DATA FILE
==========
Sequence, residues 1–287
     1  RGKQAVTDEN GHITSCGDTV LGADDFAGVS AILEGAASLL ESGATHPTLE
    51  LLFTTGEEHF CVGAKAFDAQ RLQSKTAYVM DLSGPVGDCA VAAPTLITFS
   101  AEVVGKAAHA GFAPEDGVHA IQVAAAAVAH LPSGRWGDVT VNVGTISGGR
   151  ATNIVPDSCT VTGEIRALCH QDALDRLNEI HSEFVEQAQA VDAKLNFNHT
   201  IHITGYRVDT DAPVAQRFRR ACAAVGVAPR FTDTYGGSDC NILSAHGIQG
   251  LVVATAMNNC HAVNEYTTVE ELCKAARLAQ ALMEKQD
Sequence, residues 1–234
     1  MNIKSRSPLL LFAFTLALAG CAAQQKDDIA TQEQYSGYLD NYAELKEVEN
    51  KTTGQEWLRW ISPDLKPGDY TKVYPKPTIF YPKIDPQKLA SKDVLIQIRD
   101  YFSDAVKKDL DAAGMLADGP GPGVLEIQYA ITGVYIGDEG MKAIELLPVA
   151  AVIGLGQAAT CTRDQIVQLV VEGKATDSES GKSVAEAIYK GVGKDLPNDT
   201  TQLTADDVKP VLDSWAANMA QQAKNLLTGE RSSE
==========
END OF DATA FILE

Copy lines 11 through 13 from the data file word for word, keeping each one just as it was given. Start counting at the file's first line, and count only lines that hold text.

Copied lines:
   101  YFSDAVKKDL DAAGMLADGP GPGVLEIQYA ITGVYIGDEG MKAIELLPVA
   151  AVIGLGQAAT CTRDQIVQLV VEGKATDSES GKSVAEAIYK GVGKDLPNDT
   201  TQLTADDVKP VLDSWAANMA QQAKNLLTGE RSSE